There are many factors in creating a successful business — a great product, great marketing, committed investors, an innovative business model — but the most important factor is your allies.
Businesses making alliances is nothing new (Apple and AT&T, Nike and sports teams, etc.). However, for young business partnerships, alliances and teamwork are a must because one person cannot do everything alone. As my mother taught me “it takes a team to win and a team to lose.”
Don’t believe me? Let’s look at some of the biggest businesses today. Most of the credit for Apple’s success goes to Steve Jobs. But Jobs did not create this empire alone. Apple was founded in 1976 by Steve Wozniak, Ronald Wayne and, yes, Jobs. He was not alone — and no successful business is.
In Ken Doctor’s article for NiemanLab, he discusses the keys to connecting with an audience and says that creating allies is one of the strongest ways. In business creating alliances is a way to mutually benefit all parties involved because each brand or business brings their own unique community or following.
For example, for the first time in the history of the NBA, teams are now allowed to have advertisements on jerseys. The reigning NBA champion Golden State Warriors signed a three year, $60 million deal with a tech company called Rakutan, which is famous in Japan but has almost no presence in the United States, as a way of getting exposed to a whole new audience. The Golden State Warriors not only benefit from a financial aspect but also by getting involved in an overseas market where they hope to sell merchandise.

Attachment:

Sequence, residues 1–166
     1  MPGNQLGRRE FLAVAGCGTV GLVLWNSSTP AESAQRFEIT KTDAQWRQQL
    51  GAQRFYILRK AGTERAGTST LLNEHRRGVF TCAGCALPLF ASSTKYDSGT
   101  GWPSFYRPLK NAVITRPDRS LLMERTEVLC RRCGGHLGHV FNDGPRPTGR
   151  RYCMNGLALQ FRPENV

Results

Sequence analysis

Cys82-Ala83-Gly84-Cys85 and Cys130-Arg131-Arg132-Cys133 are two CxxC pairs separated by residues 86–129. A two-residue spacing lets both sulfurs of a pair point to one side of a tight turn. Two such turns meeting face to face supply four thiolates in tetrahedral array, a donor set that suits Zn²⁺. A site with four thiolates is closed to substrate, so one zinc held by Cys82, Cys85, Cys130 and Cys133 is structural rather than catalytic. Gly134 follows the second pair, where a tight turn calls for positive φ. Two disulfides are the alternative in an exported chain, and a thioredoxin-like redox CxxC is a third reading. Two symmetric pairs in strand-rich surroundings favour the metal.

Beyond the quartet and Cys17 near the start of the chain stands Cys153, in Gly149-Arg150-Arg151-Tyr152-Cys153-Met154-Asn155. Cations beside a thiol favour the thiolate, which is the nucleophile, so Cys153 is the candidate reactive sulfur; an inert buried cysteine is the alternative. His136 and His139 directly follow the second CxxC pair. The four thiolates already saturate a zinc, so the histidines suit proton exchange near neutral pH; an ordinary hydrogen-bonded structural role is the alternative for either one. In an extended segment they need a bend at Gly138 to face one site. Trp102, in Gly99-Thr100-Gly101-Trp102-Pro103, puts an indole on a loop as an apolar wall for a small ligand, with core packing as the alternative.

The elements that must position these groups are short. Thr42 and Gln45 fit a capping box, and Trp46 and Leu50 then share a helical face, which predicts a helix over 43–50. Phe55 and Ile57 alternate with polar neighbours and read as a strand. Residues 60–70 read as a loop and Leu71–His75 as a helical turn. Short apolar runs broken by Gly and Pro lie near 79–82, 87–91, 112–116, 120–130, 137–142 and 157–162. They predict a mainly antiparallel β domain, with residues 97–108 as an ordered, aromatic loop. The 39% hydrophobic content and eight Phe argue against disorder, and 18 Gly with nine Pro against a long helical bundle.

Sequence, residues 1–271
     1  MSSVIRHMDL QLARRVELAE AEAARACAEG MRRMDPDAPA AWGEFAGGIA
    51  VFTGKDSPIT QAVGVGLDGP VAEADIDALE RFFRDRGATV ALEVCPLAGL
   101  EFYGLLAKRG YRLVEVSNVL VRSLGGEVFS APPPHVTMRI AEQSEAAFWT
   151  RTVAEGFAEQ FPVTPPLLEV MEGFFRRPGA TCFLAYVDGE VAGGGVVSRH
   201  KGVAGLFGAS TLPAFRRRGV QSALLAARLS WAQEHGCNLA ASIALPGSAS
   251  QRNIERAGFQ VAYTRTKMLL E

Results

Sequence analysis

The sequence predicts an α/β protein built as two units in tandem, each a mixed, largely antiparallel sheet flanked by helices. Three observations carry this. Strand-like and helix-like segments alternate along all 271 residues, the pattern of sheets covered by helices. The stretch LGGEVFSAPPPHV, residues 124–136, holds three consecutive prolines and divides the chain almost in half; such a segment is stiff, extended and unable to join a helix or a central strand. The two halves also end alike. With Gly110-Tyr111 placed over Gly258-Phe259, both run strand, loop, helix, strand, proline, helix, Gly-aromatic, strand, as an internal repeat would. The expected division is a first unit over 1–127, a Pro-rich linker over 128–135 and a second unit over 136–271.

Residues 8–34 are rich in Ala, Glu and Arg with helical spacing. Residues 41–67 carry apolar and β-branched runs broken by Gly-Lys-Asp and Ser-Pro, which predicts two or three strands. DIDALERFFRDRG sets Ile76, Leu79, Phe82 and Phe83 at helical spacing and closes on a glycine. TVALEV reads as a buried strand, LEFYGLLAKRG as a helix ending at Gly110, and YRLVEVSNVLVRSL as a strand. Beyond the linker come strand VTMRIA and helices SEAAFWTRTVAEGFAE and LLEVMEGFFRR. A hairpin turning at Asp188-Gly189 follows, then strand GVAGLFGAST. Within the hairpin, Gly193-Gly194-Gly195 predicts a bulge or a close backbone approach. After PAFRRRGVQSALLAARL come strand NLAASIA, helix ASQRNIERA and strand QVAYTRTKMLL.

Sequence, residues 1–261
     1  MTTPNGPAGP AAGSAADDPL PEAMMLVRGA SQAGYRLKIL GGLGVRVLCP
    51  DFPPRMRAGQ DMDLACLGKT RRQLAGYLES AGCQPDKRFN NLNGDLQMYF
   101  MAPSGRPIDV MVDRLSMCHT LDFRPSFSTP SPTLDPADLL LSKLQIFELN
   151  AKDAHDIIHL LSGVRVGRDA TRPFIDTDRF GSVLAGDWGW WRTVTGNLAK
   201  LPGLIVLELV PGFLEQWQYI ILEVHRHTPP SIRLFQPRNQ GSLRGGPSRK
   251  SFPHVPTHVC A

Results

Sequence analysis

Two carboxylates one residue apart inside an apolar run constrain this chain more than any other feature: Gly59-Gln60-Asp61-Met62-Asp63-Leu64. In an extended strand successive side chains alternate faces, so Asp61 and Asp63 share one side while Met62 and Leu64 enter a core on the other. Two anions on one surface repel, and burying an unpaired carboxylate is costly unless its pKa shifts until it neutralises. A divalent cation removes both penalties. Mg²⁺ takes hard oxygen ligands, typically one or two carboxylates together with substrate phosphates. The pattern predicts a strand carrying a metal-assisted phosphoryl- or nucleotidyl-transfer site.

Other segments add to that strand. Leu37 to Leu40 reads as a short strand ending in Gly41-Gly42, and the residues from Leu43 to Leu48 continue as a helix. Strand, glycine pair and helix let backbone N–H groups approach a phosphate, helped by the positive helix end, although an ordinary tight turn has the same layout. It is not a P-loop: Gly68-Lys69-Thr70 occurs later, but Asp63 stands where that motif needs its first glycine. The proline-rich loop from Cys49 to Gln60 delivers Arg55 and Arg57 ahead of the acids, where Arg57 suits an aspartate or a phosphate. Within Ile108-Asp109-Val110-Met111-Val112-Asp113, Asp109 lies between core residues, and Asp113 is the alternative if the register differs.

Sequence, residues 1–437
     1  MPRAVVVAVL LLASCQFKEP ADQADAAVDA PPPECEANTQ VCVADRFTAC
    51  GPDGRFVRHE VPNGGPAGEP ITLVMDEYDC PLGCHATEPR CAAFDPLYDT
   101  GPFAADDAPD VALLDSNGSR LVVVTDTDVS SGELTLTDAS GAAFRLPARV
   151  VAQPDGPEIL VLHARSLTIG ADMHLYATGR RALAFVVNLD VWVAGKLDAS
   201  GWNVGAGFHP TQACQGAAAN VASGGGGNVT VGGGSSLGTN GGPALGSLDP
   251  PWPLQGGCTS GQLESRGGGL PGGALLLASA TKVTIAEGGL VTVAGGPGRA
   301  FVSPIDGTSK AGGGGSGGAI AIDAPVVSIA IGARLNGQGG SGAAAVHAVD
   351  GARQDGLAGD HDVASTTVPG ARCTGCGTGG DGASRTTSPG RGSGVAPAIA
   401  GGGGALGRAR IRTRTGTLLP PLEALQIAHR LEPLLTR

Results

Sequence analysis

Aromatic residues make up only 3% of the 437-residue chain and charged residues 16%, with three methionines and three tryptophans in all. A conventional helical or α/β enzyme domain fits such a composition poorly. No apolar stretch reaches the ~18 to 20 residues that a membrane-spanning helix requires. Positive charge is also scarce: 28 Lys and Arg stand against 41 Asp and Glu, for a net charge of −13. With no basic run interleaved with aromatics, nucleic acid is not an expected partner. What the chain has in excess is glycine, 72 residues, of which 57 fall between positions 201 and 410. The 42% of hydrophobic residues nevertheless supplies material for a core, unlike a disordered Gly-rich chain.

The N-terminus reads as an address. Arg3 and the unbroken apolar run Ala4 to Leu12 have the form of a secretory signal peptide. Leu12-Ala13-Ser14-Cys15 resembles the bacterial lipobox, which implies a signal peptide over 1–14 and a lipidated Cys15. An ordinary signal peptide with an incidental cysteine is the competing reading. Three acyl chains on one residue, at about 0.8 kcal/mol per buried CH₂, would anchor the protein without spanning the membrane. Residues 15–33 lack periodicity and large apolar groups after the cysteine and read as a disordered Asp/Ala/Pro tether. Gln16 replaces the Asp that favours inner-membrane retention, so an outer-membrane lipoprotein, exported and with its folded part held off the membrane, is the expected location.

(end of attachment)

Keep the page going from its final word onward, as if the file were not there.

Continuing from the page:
Lets go to a smaller scale. I am an independent content creator. I have my own podcast called Strictly Hip-Hop and Strictly Hoop Talk. The way I have found the most success in building my brand is through partnerships and alliances. My theory has always been that every time I collaborate with someone I have a new audience, which means I have a chance to convince those listeners to also become my listeners and the same goes for the people who collaborate with me.
I am from Michigan and the majority of my fanbase is from Michigan as well so to expand I have begun to collaborate with many different platforms across the country. I’ve worked with a podcast from California called “The Hip Hop Review Podcast” and I have a partnership with Dead End Hip-Hop, a network based in Atlanta, Georgia.
Now, my three biggest following comes from these three states and I have seen a significant rise in California and Georgia. Seeing the encouraging results from this experiment I plan to continue pursuing collaborations in different regions in America and beyond.
Starting a business can be scary but the good news is you don’t have to do it alone.
2 thoughts on “Every Business Needs Allies”
I truly enjoyed reading your post, Chris. Besides having a great voice, you brought up things I hadn’t thought of, even after the reading.
I agree that allies are important; in fact, in my advertising class, we’ve been encouraged to pursue partners to accomplish goals and create campaigns we could not on our own. It just never occurred to me that by partnering with organizations or companies outside your region, you would be expanding your market. When I first read your example about the Golden State Warriors, the partnership made sense to me. I figured, the Warriors got $60 million and Rakutan got access to U.S. audiences. It’s a good deal. I wouldn’t have realized that the Warriors got access to Japanese markets too.
Your personal example helped drive the point home. You’ve put it into practice, and it works. I believe what you’ve said, not just because your argument seems rational, but because you support it with real life examples. Thanks for bringing my thinking beyond the box.
Chris, I thought your post was really good. I really liked how you pointed out that Apple was started before Steve Jobs and that any successful business needs more than one contributor -generally a team of 2 to 3+- and although Steve Jobs was a huge reason/ factor for the success of apple as we know it today, he is not the only reason. I also like that you used your own podcast as an example. I thoroughly enjoyed your post!